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Safety device, human error derailed Anacortes train, federal officials say

caption: A BNSF locomotive sits on its side after derailing on the Swinomish Reservation, in Anacortes, Washington, March 16, 2023.
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A BNSF locomotive sits on its side after derailing on the Swinomish Reservation, in Anacortes, Washington, March 16, 2023.
Swinomish Police Department

The Federal Railroad Administration has confirmed KUOW reporting that a safety device meant to keep trains from plunging into Puget Sound knocked a train off the tracks and onto the Swinomish Reservation early Thursday morning.

The short, seven-car BNSF Railway train was approaching a swinging bridge over the Swinomish Channel after leaving an oil refinery in Anacortes.

The bridge swings open to let boats through the Swinomish Channel, a shallow, 11-mile long arm of Puget Sound that connects Padilla Bay to Skagit Bay.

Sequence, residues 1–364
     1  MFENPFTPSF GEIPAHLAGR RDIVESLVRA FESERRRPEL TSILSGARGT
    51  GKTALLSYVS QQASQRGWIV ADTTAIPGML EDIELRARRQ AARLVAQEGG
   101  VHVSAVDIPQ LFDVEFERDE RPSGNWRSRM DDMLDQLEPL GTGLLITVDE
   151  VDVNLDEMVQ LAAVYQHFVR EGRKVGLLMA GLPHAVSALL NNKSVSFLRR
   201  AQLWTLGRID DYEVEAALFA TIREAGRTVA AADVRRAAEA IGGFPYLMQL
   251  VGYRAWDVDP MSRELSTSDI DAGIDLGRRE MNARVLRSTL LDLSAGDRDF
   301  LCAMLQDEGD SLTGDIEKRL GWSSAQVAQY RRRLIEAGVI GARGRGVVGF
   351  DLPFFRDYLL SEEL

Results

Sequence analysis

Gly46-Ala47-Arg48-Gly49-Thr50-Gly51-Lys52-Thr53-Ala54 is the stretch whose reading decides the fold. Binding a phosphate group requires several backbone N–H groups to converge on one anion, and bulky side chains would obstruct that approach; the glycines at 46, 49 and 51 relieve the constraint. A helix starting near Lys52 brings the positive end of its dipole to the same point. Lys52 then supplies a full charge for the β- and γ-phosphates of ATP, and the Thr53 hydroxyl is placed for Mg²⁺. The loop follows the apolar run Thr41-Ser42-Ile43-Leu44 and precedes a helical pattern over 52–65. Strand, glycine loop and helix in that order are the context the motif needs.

Devices called “derailers” (or just “derails”) sit on either side of the bridge, embedded in the railroad tracks, to force trains off the tracks when the bridge is open.

Thursday morning, the bridge was properly lined up for the train to cross it, but at least one derailer was still in operation.

The train’s wheels hit the steel-wedge device, and the two engine cars in front toppled to the right, plowing to a stop on their sides in the dirt next to an RV park and casino before reaching the bridge.

State officials estimate the engine cars spilled up to 3,100 gallons of diesel from their fuel tanks. They said, because the train fell to the right, none of the spilled diesel reached Puget Sound, on the left side of the track.